How green are Israeli households? New report says Israel falling behind

Only when it comes to willingness to replace red meat with lab-grown meat, is Israel ahead of the other countries.

 Recycling bins (photo credit: PIXABAY)
Recycling bins
(photo credit: PIXABAY)

Israeli households are behind nine other OECD (Organization for Economic Cooperation and Development) countries in nearly all their efforts to make environmentally friendly choices, such as reducing waste, recycling or taking public transportation, according to a study published by the OECD.

When it comes to willingness to replace red meat with lab-grown meat is Israel ahead of the other countries.

The third OECD Survey on Environmental Policies and Individual Behavior Change (EPIC) was published this month and explores the attitudes and actions of 17,000 households in the areas of energy, transport, waste and food systems in nine countries: Belgium, Canada, France, Israel, the Netherlands, Sweden, Switzerland, the United Kingdom and the United States.

“The choices households make affect the climate and the environment in numerous ways, ranging from daily habits, such as what to eat and how to get to work, to less frequent choices, such as how to heat their homes,” the OECD explained.

“The potential to reduce the environmental impacts of household consumption is well documented but has proven difficult to realize. Understanding and overcoming the barriers to behavior change must be a policy priority given the urgent need to accelerate action to limit climate change and improve environmental quality.”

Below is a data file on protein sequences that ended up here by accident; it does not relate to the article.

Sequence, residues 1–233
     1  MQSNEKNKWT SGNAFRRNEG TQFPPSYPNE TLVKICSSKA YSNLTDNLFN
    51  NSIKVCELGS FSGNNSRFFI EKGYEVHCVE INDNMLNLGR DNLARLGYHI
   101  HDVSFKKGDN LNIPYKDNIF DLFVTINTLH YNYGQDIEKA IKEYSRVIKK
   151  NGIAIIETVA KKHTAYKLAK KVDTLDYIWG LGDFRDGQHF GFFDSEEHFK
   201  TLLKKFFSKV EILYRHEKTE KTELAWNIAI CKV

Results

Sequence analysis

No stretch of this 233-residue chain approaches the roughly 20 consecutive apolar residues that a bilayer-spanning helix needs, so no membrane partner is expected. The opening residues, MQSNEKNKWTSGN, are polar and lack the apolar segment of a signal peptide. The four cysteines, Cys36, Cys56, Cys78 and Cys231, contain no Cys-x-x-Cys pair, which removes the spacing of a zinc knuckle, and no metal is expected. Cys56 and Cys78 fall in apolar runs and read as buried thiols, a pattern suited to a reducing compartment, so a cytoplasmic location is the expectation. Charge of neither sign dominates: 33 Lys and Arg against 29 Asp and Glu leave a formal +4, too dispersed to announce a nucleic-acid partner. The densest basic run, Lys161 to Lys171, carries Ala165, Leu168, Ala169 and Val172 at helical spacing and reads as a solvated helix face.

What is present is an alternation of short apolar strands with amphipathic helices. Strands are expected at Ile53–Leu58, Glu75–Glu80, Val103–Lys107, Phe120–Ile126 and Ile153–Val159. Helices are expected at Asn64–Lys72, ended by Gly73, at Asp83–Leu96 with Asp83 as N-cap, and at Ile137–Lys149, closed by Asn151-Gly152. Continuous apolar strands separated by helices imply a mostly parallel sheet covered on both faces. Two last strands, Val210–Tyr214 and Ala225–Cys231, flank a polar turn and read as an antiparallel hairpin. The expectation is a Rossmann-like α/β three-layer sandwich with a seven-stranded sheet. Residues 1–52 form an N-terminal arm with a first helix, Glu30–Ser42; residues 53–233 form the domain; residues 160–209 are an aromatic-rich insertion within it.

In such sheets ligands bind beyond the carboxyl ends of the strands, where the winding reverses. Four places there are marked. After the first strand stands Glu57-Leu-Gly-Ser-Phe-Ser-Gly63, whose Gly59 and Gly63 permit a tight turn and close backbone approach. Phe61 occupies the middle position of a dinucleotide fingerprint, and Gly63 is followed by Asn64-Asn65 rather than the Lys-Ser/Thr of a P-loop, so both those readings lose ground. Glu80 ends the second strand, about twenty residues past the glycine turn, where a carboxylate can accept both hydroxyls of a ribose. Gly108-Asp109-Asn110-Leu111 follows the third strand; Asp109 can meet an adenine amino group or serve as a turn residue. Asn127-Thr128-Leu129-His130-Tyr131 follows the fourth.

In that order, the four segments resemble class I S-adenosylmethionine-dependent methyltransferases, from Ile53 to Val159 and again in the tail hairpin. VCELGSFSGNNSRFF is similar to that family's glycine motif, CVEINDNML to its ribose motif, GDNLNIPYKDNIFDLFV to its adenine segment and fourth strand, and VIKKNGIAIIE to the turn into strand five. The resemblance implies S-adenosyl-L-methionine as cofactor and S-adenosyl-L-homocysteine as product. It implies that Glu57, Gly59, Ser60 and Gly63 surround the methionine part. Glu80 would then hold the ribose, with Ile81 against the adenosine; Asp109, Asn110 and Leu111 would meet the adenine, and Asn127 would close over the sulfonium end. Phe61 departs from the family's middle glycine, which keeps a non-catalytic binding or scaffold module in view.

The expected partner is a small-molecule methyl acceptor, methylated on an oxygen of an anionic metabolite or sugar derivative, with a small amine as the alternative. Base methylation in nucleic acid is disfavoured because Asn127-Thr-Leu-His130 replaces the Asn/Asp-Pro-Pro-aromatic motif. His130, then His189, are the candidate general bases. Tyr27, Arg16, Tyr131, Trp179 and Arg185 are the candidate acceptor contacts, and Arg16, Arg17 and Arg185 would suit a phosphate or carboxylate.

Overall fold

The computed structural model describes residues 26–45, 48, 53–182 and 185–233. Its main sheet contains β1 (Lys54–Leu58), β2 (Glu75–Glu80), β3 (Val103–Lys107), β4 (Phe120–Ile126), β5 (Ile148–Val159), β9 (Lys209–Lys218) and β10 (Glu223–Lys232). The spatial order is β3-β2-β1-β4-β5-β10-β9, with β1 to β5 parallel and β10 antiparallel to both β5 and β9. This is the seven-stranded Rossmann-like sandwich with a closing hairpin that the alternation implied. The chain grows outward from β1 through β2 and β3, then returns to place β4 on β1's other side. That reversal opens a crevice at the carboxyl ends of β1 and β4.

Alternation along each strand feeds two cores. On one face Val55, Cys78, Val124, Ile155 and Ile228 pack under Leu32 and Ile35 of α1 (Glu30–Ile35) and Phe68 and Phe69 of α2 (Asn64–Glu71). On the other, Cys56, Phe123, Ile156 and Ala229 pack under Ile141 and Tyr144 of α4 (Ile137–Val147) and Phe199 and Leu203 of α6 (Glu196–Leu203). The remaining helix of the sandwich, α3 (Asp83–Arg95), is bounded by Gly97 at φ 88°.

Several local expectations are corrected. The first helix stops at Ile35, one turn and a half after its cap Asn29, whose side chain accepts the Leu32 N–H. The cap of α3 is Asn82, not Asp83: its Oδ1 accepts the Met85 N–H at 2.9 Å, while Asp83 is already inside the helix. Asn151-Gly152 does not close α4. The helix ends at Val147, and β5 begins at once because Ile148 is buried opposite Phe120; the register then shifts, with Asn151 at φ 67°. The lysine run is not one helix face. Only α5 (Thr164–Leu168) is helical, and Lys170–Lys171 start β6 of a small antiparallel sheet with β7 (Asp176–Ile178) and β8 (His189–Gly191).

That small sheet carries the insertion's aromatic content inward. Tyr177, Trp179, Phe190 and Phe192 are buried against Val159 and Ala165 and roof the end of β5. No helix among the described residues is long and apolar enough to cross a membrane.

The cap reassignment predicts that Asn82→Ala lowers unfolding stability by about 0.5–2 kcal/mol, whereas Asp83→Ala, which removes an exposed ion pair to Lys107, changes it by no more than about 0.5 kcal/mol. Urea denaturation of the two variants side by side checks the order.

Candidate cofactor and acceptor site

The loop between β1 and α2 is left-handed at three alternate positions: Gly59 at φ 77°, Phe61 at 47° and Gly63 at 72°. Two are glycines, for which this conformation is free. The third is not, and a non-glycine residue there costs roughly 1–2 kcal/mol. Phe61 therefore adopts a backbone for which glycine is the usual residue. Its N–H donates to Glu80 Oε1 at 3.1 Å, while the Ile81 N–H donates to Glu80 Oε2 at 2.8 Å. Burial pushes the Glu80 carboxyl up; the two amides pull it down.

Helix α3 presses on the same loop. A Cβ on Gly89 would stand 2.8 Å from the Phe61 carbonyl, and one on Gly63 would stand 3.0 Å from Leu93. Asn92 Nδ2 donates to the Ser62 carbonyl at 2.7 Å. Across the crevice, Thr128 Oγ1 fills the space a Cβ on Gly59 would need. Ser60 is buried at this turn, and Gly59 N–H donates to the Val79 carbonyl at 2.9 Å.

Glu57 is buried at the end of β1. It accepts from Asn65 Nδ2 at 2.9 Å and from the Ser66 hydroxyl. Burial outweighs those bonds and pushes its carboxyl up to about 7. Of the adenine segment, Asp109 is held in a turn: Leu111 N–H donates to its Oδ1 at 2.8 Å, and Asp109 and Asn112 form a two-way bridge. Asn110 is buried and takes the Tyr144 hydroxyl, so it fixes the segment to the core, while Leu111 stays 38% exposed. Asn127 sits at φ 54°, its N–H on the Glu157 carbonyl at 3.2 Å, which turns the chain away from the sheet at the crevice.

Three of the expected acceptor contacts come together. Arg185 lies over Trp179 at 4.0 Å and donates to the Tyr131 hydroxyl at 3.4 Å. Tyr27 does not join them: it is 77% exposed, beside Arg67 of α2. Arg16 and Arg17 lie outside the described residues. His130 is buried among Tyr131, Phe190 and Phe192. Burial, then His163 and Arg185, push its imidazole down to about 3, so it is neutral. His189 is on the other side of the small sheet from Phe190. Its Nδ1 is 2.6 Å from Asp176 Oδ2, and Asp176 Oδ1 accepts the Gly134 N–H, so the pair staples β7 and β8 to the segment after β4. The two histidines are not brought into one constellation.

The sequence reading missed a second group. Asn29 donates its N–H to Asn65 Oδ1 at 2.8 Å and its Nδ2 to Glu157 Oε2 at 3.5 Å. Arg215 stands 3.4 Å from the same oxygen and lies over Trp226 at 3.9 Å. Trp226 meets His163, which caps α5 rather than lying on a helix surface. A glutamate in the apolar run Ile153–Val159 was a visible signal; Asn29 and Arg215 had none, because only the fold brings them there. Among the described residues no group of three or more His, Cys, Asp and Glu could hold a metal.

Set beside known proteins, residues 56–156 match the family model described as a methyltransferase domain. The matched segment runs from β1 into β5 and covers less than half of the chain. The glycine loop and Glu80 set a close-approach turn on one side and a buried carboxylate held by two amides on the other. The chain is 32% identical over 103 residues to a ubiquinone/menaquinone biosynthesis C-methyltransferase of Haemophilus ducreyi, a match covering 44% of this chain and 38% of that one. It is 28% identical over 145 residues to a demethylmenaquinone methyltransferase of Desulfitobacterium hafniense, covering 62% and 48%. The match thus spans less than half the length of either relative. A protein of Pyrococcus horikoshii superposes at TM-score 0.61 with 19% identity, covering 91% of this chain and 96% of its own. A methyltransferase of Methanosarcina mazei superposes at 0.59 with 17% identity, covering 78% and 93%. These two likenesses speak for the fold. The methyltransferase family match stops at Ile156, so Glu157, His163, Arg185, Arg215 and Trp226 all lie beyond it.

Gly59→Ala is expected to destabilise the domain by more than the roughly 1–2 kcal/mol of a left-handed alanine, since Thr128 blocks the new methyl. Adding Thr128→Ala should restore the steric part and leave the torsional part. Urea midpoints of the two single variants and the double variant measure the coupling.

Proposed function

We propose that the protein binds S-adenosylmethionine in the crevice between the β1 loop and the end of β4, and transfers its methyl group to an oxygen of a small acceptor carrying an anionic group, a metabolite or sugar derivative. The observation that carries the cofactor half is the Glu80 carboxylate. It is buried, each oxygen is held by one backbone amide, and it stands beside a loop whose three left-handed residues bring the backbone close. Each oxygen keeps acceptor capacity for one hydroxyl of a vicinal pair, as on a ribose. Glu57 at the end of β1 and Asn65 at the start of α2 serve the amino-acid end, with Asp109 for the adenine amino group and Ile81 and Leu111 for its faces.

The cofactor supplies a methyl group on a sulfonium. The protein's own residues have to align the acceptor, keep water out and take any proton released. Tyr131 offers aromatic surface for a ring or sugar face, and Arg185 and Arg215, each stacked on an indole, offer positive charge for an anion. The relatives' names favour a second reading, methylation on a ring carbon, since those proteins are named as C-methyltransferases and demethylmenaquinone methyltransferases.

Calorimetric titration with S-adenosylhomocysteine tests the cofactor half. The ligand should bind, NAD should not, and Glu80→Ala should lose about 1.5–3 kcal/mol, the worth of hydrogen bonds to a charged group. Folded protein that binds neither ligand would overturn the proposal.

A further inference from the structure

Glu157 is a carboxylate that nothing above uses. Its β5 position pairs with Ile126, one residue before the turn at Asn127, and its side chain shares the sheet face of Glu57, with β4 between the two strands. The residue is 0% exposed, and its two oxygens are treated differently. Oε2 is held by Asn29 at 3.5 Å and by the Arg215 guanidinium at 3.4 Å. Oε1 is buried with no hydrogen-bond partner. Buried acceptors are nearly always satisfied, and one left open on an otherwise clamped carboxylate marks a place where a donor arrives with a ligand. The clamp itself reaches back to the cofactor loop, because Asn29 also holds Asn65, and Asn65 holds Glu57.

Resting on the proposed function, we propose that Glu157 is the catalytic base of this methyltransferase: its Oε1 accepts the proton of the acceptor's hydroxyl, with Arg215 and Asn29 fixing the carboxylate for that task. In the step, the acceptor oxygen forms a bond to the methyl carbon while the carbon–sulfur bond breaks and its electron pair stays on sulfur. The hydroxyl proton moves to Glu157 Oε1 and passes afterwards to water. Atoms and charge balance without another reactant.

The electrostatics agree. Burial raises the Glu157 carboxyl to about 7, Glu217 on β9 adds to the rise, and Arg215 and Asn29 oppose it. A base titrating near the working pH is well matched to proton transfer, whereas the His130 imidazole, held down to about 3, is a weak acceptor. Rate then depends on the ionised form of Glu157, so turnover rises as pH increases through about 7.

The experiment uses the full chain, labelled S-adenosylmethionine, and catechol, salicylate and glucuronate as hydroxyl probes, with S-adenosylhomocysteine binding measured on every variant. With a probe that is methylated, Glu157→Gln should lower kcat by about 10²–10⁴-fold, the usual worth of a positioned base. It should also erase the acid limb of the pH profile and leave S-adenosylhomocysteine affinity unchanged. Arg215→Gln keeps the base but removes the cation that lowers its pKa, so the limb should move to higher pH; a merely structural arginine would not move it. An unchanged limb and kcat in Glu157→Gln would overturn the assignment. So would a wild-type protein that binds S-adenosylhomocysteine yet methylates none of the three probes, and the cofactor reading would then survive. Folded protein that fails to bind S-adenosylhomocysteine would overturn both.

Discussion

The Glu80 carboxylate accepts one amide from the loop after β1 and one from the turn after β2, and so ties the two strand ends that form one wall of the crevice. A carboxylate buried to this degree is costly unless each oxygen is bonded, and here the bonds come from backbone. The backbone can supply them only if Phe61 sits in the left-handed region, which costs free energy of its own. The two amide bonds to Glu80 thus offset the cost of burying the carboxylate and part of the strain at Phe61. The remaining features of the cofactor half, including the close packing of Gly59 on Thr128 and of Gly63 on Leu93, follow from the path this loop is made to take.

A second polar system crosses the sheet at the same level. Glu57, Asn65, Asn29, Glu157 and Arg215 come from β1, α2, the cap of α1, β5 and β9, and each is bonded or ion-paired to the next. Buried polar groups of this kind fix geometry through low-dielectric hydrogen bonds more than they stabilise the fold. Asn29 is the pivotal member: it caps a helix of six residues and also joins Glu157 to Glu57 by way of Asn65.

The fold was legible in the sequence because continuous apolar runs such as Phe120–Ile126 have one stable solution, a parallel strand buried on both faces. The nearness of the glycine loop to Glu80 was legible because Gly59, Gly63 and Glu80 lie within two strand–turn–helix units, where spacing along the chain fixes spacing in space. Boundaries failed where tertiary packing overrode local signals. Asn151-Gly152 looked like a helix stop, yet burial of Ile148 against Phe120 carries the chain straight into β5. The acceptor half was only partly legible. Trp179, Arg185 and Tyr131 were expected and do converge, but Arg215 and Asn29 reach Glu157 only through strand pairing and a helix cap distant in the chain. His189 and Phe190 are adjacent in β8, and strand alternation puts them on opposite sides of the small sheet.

In general, the report found that households are willing to adjust their habits to benefit the environment if doing so is affordable, convenient and feasible or if the government or others offer incentives for doing so beyond helping the environment.

 Clean and sustainable energy (illustrative). (credit: Wikimedia Commons)
Clean and sustainable energy (illustrative). (credit: Wikimedia Commons)

35% of respondents said climate change issues are significant

Only 35% of respondents – more women than men – said climate change or other environmental issues are significant. However, some 65% said they would be willing to make lifestyle changes for the benefit of the environment. Yet, the majority (63%) said that was only if there would be no additional cost.

“This survey shows that availability, affordability and convenience are the key drivers for people to make environmentally sound decisions, and there’s still a lot of room for improvement,” OECD environment director Jo Tyndall said.

“Governments should seek to remove barriers to sustainable choices and improve the incentives for making these choices. Households need greater access to more sustainable options – from enhanced public transport and accessible car-charging stations to renewable energy and collection services for different types of waste.”

The last EPIC survey was published in 2011, before the Paris Agreement on Climate Change in 2015 and the rollout last year of the Global Biodiversity Framework. The United Nations is currently working on an internationally legally binding instrument to end plastic pollution.

There have also been advances in the climate tech arena, the OECD noted. The cost of renewable energies has declined, for example. There have also been advances in electric vehicles and digitization in general.

IN THE realm of waste practices, the report found that households in countries where recyclable waste is collected at their residence produce 42% less mixed (non-recyclable) waste than households without these services.

Fewer households in Israel (26%) report curbside collection compared to all other OECD countries except Sweden, where the same number of households enjoy collection. Similarly, nearly all households in Belgium, Canada, France and the UK report recycling aluminum, tin and steel cans at the curb, whereas drop-off is required in Switzerland, Israel and Sweden.